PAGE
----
"The delegation was hurt, because Frank Reid is a charismatic, tremendous person. We were all excited about his candidacy," said the Rev. Ronald E. Braxton, Reid's campaign manager and senior pastor at Metropolitan AME Church in Washington.

At the convention, Reid's name was removed from the ballot. But as delegates prepared to vote, Reid addressed the gathering to ask who had removed it, witnesses said. Another church member urged officials to restore Reid's name, and delegates voted to do so.

Although he has said that he only wanted his name on the ballot for sentimental reasons - to honor the memory of his late father - the crowd assumed that he was back in the race.

Reid, considered a front-runner before dropping out in June, got 299 votes - not a bad showing for someone who did not run a full-fledged campaign, but far short of the number needed for election.

An irrational fear?

Looking back, Bryant said the booklet was likely designed to create a populist groundswell that would carry Reid into the office of bishop, which his father and grandfather had held.

"I think it's a plan that backfired," said Bryant - although he believes Reid's criticism of the church is sincere.

Bryant and Reid share church histories that have long been intertwined. Bryant's father, John, now an AME bishop, was Reid's predecessor at Bethel, the church of Baltimore's black establishment and the city's oldest African-American parish.

Bryant, 32, then spent years working part time under Reid. The elder minister eventually helped Bryant start Empowerment Temple. That congregation, which caters to the city's young and dispossessed, is now one of the fastest-growing congregations in the country.

"I affectionately call him the stepfather I never had," Bryant says.

Bryant speculates that Reid halted his campaign because of an irrational fear of losing. Bryant traces it to Reid's defeat by Rep. Elijah E. Cummings in the 1996 Democratic primary for Maryland's 7th District congressional seat.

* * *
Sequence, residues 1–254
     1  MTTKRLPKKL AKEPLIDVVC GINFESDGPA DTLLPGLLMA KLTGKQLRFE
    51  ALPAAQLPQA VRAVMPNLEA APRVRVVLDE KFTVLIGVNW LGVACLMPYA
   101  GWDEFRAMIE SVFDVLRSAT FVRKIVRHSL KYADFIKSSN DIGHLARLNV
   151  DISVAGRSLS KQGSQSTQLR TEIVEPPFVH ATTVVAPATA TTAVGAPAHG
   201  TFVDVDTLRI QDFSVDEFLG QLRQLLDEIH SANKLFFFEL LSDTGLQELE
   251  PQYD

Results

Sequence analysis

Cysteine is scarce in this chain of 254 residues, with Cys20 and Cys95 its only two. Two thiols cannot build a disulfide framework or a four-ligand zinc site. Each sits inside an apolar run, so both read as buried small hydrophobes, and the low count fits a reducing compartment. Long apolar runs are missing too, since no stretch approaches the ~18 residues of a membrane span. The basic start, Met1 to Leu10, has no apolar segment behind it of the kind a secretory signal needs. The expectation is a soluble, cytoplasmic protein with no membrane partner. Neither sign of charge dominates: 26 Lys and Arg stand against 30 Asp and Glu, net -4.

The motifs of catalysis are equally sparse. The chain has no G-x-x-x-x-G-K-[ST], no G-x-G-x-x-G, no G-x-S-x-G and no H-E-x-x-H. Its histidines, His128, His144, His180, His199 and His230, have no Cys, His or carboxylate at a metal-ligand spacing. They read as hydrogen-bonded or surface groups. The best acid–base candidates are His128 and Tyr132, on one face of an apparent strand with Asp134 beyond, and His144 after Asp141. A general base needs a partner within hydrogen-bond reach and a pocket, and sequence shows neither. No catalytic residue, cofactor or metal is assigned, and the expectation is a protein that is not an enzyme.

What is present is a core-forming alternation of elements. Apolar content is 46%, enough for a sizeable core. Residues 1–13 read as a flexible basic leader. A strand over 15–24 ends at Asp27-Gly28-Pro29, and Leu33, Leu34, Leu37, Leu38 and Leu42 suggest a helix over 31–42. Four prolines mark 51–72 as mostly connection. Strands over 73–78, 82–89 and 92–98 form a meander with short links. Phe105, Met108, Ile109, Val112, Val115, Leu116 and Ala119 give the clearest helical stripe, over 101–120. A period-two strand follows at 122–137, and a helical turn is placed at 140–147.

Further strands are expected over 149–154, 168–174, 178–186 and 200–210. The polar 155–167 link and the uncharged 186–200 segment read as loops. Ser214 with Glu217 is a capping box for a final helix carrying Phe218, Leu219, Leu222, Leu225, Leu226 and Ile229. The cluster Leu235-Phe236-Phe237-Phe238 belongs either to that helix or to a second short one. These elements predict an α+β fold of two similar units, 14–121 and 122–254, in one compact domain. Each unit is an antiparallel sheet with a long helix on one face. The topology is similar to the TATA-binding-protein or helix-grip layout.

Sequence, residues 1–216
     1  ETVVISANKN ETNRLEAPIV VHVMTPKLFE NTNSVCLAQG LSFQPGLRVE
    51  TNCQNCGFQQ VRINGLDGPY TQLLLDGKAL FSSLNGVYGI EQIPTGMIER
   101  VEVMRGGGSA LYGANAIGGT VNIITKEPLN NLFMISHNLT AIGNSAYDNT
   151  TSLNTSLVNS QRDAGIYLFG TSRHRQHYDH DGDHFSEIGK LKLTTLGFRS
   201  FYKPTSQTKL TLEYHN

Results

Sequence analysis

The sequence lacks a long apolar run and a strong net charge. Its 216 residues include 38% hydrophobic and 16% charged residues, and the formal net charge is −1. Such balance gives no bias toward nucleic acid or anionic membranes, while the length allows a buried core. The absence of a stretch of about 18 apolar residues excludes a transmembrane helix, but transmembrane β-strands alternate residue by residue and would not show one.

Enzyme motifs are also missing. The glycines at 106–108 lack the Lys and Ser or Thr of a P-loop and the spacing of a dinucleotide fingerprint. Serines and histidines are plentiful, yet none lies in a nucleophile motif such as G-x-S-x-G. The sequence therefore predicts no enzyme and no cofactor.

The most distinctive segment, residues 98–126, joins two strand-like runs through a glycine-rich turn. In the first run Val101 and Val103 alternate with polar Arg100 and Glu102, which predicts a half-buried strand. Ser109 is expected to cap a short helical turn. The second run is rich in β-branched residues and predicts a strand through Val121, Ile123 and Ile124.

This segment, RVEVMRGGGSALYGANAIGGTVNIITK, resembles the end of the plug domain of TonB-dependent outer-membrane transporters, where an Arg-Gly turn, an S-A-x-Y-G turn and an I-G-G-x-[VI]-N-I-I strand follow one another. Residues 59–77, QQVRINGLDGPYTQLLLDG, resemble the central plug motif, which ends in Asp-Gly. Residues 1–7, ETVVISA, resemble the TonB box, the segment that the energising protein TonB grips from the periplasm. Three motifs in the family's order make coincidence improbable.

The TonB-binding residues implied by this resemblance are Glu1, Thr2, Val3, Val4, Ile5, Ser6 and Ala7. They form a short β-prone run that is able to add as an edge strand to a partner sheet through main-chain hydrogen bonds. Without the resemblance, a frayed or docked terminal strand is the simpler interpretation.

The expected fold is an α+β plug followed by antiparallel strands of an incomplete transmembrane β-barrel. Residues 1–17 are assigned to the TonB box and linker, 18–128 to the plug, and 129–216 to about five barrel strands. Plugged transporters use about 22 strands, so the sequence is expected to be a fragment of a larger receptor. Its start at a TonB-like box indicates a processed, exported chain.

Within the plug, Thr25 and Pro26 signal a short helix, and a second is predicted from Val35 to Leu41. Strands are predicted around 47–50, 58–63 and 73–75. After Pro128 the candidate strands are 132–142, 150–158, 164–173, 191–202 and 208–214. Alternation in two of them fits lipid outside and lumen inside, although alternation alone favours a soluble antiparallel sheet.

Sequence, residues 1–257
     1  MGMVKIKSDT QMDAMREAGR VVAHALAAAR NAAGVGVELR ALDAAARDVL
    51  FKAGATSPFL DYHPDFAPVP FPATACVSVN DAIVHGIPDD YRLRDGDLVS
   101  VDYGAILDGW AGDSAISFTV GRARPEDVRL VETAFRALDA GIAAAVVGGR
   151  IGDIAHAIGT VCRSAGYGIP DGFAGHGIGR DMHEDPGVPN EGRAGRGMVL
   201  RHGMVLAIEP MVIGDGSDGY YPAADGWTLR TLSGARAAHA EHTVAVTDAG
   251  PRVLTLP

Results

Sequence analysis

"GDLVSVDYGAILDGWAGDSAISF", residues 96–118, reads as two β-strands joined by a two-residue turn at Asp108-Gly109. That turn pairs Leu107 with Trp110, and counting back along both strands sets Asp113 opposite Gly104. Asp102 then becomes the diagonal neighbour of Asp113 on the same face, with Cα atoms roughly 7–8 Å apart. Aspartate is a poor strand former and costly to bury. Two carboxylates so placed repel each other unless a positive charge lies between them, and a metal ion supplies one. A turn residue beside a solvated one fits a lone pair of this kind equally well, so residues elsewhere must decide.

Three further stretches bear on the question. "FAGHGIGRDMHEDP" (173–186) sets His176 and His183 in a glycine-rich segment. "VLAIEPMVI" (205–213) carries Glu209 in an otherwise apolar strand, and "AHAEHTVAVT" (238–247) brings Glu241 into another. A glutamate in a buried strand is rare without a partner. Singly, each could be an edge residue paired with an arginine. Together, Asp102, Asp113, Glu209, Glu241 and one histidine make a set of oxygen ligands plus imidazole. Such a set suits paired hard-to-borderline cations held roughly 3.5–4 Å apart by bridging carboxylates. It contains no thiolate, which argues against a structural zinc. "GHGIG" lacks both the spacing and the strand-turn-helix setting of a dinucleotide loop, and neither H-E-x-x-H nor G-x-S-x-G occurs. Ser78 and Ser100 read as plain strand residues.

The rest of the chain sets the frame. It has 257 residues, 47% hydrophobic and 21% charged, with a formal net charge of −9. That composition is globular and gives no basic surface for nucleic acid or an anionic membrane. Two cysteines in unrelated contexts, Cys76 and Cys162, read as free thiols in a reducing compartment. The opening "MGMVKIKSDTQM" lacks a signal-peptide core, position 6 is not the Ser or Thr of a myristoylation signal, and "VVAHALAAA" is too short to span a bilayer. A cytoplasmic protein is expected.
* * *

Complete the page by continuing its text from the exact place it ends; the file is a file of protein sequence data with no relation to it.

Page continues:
"I think he was still psychologically wounded by his congressional run," said Bryant - fears that were unwarranted in the bishop's race. "Frank would have got elected, period. I just don't know that Frank realizes that."

With the convention over, Bryant said Reid needs to follow through and produce a more detailed plan for church reform.

"The revolution can start on the corner of Druid Hill and Lanvale," Bryant said, referring to Bethel's location. "And if Frank called for it, ... they will come. And I'd be there to find out how the action plan is going to unfold, and I don't even mean that sarcastically."

Copyright 2004, The Baltimore Sun

-- Anonymous, July 13, 2004

Answers

There is an even higher level of interaction between the two families:
  • Harrison James Bryant pastored Bethel from 1948-1964. He was elected bishop that year from Bethel.
  • Frank Reid II pastored Bethel between 1964 and the early 70s. He was elected bishop from Metropolitan, Washington, DC.

    -- Anonymous, July 14, 2004